Stimulated by the publication of The Nurture Assumption by Judith Rich Harris, Parenting and the Child's World was conceived around the notion that there are multiple sources of influence on children's development, including parenting behavior, family resources, genetic and other biological factors, as well as social influences from peers, teachers, and the community at large.
The text's 39 contributors search for when, where, and how parenting matters and the major antecedents and moderators of effective parenting. The chapters focus on the major conceptual issues and empirical approaches that underlie our understanding of the importance of parenting for child development in academic, socio-emotional, and risk-taking domains. Additional goals are to show how culture and parenting are interwoven, to chart future research directions, and to help parents and professionals understand the implications of major research findings.
Table of Contents
Contents: Series Foreword. Preface. Part I: Parenting Research: Conceptual and Methodological Foundations. J.R. Harris, Beyond the Nurture Assumption: Testing Hypotheses About the Child's Environment. D.C. Rowe, What Twin and Adoption Studies Reveal About Parenting. E.E. Maccoby, Parenting Effects: Issues and Controversies. S.L. Ramey, The Science and Art of Parenting. Part II: Early Influences of Parenting on Achievement and Competence. P.A. Cowan, C.P. Cowan, What an Intervention Design Reveals About How Parents Affect Their Children's Academic Achievement and Behavior Problems. NICHD Early Child Care Research Network, Parenting and Family Influences When Children Are in Child Care: Results From the NICHD Study of Early Child Care. C.T. Ramey, S.L. Ramey, R.G. Lanzi, J.N. Cotton, Early Educational Interventions for High-Risk Children: How Center-Based Treatment Can Augment and Improve Parenting Effectiveness. F.J. Morrison, R.R. Cooney, Parenting and Academic Achievement: Multiple Paths to Early Literacy. J.G. Borkowski, T. Bisconti, K. Weed, C. Willard, D.A. Keogh, T.L. Whitman, The Adolescent as Parent: Influences on Children's Intellectual, Academic, and Socioemotional Development. Part III: Parenting Influences on Emotional Development and Socialization. L.A. Sroufe, From Infant Attachment to Promotion of Adolescent Autonomy: Prospective, Longitudinal Data on the Role of Parents in Development. L. Embry, G. Dawson, Disruptions in Parenting Behavior Related to Maternal Depression: Influences on Children's Behavioral and Psychobiological Development. K.A. Dodge, Mediation, Moderation, and Mechanisms in How Parenting Affects Children's Aggressive Behavior. T.J. Dishion, B.M. Bullock, Parenting and Adolescent Problem Behavior: An Ecological Analysis of the Nurturance Hypothesis. E.M. Cummings, M.C. Goeke-Morey, M.A. Graham, Interparental Relations as a Dimension of Parenting. S.J. Suomi, Parents, Peers, and the Process of Socialization in Primates. Part IV: Contextual-Cultural Influences on Parenting Nondisabled and Disabled Children. S.M. McGroder, M.J. Zaslow, K.A. Moore, E.C. Hair, S.K. Ahluwalia, The Role of Parenting in Shaping the Impacts of Welfare-to-Work Programs on Children. D.P. Hogan, M.E. Msall, Family Structure and Resources and the Parenting of Children With Disabilities and Functional Limitations. L.M. Glidden, Parenting Children With Developmental Disabilities: A Ladder of Influence. Part V: Future Research Directions and Translations to Parenting Practices. M.M. Feerick, M. Bristol-Power, D. Bynum, The National Institute of Child Health and Human Development Research on Parenting: Past, Present, and Future Directions. J.G. Borkowski, S.L. Ramey, C. Stile, Parenting Research: Translations to Parenting Practices.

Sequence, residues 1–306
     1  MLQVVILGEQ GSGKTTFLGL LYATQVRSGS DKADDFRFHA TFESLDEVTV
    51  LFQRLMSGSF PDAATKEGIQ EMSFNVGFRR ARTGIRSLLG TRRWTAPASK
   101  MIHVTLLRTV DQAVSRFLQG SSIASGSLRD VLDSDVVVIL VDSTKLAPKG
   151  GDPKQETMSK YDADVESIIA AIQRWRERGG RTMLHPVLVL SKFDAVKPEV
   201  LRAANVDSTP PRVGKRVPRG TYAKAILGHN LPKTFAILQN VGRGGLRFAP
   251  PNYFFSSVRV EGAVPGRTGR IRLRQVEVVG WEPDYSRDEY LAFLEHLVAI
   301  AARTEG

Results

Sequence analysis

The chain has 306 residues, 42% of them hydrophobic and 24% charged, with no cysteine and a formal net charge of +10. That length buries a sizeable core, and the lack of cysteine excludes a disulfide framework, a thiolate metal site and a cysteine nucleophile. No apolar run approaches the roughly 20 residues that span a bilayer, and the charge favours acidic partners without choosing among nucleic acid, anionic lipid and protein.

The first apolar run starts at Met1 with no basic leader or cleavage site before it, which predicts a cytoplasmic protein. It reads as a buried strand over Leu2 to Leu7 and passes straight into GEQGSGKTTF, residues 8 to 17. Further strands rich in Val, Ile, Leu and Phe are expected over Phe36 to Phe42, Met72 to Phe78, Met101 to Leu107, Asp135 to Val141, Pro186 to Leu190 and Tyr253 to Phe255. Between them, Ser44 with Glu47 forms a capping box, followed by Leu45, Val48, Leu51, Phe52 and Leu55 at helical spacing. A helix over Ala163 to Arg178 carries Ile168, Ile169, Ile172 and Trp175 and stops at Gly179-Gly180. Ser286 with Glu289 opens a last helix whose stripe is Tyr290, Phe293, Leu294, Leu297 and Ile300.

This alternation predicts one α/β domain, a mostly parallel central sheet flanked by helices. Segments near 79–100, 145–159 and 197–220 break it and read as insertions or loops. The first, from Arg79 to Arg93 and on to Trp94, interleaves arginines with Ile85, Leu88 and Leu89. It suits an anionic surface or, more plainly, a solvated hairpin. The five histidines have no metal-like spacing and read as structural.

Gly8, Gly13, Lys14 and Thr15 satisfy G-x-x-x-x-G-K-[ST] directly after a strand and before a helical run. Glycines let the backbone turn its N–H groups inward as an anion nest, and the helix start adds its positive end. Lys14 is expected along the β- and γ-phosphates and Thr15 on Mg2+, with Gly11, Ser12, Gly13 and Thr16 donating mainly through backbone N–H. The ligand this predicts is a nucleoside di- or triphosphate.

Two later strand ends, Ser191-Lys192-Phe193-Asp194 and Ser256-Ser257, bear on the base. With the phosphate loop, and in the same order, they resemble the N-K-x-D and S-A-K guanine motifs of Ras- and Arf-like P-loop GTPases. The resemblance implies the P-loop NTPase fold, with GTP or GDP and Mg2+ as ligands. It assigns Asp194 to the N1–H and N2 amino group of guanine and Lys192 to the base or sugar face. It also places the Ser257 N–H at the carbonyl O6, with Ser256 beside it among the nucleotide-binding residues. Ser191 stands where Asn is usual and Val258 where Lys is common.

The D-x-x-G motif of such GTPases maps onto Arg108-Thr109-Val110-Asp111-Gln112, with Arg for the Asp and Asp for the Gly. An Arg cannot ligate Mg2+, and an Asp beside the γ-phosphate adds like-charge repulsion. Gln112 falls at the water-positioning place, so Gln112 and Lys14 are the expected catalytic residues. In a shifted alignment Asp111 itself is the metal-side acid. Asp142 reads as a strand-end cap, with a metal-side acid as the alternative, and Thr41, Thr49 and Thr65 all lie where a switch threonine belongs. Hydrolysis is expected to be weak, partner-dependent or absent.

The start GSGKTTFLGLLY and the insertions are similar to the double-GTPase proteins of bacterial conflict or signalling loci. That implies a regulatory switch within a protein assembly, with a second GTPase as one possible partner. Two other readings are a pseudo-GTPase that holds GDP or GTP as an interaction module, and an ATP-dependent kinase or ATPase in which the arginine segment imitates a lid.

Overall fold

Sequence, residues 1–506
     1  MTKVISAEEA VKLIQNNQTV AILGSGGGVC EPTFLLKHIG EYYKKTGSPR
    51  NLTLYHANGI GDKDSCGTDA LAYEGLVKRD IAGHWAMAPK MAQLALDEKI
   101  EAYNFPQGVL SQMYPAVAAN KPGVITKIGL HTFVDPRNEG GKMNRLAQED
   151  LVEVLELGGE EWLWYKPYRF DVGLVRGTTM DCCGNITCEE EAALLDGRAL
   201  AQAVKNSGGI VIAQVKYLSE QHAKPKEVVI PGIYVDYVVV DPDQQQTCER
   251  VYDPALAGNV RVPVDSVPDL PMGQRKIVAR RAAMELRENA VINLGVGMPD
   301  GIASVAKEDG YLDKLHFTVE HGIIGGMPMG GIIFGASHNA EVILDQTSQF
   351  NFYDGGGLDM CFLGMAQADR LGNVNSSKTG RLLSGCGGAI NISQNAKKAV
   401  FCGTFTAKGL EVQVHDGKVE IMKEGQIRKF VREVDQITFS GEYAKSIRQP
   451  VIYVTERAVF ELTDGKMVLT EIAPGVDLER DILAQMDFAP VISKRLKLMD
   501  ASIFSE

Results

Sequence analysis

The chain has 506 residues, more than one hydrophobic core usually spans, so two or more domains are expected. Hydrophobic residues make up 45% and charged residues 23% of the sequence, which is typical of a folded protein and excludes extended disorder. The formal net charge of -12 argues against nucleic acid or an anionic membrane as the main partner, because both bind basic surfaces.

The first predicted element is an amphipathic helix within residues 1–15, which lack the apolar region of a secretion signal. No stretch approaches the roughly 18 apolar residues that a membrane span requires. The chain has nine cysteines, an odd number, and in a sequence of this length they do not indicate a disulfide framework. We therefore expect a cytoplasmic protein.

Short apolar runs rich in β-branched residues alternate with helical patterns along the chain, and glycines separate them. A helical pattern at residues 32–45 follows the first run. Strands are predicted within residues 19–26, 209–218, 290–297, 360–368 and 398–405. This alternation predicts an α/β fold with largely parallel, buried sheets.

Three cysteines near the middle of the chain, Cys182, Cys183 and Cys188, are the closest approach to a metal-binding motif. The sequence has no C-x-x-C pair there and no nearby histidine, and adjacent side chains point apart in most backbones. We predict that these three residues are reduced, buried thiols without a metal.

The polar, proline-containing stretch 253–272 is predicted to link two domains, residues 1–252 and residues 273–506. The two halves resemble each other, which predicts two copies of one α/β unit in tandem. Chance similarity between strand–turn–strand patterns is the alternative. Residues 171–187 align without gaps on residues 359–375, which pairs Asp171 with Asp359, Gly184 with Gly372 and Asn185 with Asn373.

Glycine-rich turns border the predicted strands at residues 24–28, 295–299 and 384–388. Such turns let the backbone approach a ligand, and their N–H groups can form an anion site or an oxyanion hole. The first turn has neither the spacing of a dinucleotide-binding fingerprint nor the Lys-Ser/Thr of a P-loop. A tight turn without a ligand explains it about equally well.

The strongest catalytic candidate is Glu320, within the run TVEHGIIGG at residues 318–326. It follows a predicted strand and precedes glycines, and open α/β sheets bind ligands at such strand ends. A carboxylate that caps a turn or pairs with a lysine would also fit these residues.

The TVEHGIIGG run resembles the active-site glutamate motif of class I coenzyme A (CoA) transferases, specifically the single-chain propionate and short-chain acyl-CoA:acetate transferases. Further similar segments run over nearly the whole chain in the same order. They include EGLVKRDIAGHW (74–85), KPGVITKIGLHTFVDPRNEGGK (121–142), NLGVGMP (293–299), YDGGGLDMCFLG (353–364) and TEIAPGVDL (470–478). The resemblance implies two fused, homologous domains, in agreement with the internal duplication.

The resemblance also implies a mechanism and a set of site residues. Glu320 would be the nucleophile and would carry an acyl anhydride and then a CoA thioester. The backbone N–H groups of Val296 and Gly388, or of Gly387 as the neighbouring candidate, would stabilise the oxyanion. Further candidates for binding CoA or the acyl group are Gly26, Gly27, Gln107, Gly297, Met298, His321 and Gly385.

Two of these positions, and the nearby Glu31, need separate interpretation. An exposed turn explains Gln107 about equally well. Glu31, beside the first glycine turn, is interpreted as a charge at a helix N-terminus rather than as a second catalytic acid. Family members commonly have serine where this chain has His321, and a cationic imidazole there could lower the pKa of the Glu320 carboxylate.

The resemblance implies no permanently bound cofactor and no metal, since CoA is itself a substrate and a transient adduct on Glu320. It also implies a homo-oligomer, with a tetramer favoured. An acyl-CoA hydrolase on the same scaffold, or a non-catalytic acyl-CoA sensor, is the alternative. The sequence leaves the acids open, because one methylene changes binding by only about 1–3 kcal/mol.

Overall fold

"It is a collection of excellent essays that report the best of recent thinking and is excellently edited. It would be appropriate for upper level undergraduate courses as well as an early graduate level introduction to the state of thinking about issues surrounding the parent-to-child effects of diverse child rearing practices. The text would be interesting as well for philosophers thinking about methodological and conceptual problems surrounding the nature-nurture debates. It certainly should be included in the collection of any good undergraduate library."